And so for my category, I’m in the B-1 category, they make me wear a blindfold and that’s fine. For the bike and the run, it doesn’t really impact me at all. On the swim, it causes some anxiety. Because I don’t see that little tiny bit of light, and I have total sensory deprivation so it has been a real challenge, swimming has definitely been the hardest. Of the three disciplines, swimming is certainly my weakest. However, I have improved quite a bit but it still, it will always be a challenge.

What I think about when I think about when I swim is I think about all the strategies that have come into place to help me overcome anxiety. And I think for people with blindness and visual impairment whether we determine anxiety or not, I notice that when I have new experience or an environment that doesn’t work well for me...for example, the grocery store. Grocery stores are chaotic. I’ve been blind a long time and I still get a little bit of anxiety walking into some more chaotic environments.

So, what I would say for those of you who are teaching students—teaching students, working with adults—is first of all, from memory, that this experience happens. That there are moments that just cause a little bit of anxiety and I would say work on those strategies that are like, for example, for swimming, one of my strategies for swimming is really focusing on what we call mindfulness, which is what you have control over right now, what is your technique, how can you be more powerful, and how can you propel yourself more. It’s really focusing on those things we do have control over and letting go of the bigger picture which is you’re lost in the ocean right now and you don’t know where the shore is. (laughter) And how many—you know. And you start thinking of this bigger picture of everything that could go wrong.

Anyone can experience anxiety. If you instead start focusing on what are the things I do have control over, what can I do for myself, how will I breathe, what are the things that I can bring back in to bring that anxiety level down.

And I’ve had on millions of occasions I’ve had people ask me about fearlessness, about bravery, and I understand how I might appear fearless on the outside because I am definitely comfortable with risk taking and I understand that. I have fear every day. I have fear at work of being lesser than, I have fear among my peers and dear friends that you know, you’ve got these comparisons. I have fear of crossing streets, I have fear of new environments, fear of being lost at the airport—these things never happen but I think that’s human condition.

You’re never going to extrapolate out of fear. What you’re going to do is you’re going to learn strategies to cope with fear, you’re going to learn strategies to move on, and strategies to propel yourself forward.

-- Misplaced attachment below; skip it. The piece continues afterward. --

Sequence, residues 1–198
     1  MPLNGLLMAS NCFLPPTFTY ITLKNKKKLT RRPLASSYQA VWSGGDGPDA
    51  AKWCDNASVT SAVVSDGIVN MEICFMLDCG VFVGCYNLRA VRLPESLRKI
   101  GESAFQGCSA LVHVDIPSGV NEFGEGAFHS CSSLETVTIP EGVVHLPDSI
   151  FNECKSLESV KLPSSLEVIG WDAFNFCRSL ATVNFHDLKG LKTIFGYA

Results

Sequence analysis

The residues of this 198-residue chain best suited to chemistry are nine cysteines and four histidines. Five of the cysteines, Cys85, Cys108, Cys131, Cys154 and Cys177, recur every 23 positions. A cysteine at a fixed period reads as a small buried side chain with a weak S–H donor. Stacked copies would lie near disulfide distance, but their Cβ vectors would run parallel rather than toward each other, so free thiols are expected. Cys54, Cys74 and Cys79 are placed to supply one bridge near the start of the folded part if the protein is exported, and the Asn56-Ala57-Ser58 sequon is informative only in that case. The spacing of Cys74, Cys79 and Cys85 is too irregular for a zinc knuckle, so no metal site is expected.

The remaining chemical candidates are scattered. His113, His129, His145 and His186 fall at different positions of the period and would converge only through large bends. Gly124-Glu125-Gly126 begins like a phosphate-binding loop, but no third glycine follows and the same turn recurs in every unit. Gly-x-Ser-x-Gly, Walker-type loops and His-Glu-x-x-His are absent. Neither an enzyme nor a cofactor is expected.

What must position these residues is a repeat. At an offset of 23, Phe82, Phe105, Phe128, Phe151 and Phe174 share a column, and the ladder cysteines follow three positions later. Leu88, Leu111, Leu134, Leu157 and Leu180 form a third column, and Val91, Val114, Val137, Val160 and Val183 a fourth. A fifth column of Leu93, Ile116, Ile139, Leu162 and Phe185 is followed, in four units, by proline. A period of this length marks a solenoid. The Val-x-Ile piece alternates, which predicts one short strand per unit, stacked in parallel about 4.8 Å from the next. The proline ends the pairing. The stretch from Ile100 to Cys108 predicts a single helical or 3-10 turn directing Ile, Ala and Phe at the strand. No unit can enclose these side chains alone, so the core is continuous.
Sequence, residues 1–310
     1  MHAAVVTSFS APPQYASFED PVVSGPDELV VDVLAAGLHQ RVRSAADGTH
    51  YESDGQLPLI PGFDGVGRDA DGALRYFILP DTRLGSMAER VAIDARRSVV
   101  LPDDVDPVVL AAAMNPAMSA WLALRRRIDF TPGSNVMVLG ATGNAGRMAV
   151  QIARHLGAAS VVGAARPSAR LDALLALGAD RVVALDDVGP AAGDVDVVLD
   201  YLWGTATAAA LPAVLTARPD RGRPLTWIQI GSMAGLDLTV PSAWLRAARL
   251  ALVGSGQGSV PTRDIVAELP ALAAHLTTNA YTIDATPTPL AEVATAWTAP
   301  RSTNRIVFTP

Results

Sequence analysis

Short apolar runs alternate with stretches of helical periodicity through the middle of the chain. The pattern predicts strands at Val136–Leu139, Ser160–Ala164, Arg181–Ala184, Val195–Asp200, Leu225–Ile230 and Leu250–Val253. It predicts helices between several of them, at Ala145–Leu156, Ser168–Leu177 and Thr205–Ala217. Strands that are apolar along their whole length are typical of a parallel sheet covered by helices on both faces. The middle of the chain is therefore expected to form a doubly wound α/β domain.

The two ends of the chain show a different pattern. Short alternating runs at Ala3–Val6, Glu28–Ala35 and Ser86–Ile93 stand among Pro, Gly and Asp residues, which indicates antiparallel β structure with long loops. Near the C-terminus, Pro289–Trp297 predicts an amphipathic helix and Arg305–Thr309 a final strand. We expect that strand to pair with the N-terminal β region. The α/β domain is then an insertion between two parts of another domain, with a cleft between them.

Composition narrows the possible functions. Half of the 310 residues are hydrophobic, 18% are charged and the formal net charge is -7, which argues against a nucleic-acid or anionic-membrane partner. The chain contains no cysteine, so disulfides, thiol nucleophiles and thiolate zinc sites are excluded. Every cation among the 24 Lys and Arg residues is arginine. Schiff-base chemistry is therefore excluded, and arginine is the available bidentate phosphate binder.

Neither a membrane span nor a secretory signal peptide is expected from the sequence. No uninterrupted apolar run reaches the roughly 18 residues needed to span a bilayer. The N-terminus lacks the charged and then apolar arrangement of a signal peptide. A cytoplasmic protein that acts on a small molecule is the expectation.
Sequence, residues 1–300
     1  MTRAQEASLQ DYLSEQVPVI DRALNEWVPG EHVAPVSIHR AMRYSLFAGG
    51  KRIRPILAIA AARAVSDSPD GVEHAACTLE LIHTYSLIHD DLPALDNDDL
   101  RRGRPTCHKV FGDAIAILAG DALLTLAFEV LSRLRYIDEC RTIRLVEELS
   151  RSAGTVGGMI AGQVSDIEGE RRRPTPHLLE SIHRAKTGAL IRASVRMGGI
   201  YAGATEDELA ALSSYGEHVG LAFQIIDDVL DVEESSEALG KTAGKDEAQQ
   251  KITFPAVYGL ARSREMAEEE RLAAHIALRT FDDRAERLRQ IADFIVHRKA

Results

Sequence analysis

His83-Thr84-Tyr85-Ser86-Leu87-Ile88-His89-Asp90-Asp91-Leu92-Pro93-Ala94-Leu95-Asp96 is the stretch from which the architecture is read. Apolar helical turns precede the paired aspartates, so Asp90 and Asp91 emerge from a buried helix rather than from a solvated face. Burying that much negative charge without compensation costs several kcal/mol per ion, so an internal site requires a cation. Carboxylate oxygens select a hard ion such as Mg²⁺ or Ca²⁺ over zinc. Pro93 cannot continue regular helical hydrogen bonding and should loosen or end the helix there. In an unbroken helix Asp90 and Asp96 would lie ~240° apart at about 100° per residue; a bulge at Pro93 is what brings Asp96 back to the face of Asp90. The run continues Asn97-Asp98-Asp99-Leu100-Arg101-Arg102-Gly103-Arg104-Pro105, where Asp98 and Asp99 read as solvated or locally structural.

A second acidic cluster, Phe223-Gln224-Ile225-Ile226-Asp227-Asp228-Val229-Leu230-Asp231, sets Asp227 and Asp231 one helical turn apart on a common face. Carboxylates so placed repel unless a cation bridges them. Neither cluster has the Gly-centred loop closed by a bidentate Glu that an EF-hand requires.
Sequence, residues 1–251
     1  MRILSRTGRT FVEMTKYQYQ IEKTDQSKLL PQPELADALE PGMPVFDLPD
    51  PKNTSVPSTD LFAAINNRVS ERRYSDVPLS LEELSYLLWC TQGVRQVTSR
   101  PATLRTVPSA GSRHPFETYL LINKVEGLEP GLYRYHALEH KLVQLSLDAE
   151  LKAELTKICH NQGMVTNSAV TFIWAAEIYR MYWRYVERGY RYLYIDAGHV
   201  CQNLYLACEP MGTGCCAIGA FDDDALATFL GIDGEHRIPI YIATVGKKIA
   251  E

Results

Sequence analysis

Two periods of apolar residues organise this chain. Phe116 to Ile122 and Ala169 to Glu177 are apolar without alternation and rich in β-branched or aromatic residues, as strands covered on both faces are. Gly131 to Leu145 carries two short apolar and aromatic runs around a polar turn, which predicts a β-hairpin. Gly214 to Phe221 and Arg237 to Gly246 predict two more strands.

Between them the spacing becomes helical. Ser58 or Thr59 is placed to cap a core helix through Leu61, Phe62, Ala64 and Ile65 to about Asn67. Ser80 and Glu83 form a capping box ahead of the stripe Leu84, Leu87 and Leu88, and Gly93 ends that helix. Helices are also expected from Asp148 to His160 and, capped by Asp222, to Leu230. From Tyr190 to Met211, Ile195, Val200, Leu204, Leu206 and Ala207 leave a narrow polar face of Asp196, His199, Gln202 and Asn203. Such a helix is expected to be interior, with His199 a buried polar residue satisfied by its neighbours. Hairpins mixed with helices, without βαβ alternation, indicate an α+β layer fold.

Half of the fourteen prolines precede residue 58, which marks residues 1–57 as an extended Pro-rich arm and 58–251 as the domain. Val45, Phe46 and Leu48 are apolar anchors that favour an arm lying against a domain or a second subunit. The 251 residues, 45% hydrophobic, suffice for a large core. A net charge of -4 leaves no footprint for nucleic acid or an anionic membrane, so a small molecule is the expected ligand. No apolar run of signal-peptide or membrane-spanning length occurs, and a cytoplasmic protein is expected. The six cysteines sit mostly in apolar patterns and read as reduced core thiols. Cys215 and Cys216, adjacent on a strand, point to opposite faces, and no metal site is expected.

And I think understanding that that kind of more emotional and human element of it is really one of the keys of being successful...is how to bring that anxiety back home, because the alternative is to be frustrated and quit, right?

And I can tell you that I’ve been frustrated and quit on things a million times but always regretted it. I want to quit because it was a conscious choice of mine that there was a trade-off position that was made and I decided that this was the wrong thing for me. I don’t want to quit because I got stressed out and I gave up. You know, it’s one of these things. It’s not a decision you make once, it’s one of those things you have to practice every day. It’s every day you fill up with anxiety.

(electronic voice in background)

So, this is a story that I like to talk about. So, I went, I did a race in Magog, Canada, and this race was all for points, all for qualifying for the Paralympics, everything was high stakes.

My guide, who was one of my favorite people, she has a great sense of humor. We got to Magog, we got to Montreal and drove down to Magog and it was a lot harder than we expected. Our luggage never came. So, we didn’t have a bike and we didn’t have any of our uniforms, we didn’t have any of our equipment.

And we were really trying to be extremely resourceful so we got a beach cruiser, we rented it from like a local bike store, and we were going to tape tennis shoes we bought at Walmart to the bike so that we had clip-ins.

We were reading the minutia of the manual for athletes to try to figure out what exactly were the uniform requirements and we bought black swimsuits where we would puff paint the right things on them.

So, we were trying to be as resourceful as possible because at this point we are there, it’s for points, there’s no way we’re not going to do this race. We end up getting—the race check-in ended at 10 a.m., we got our bags at about 8:45. (audience gasps)

So we drove to a local bike shop that was not open yet and I preferred to put my bike together myself which there are...you know, it’s a little bit more challenging and one of the things that’s key for me, I don’t know how other people feel, but with blindness people making a lot of sound is a little distracting to me so I asked my guide to be quiet and she was doing her best but she is definitely one who talks a lot. (laughter)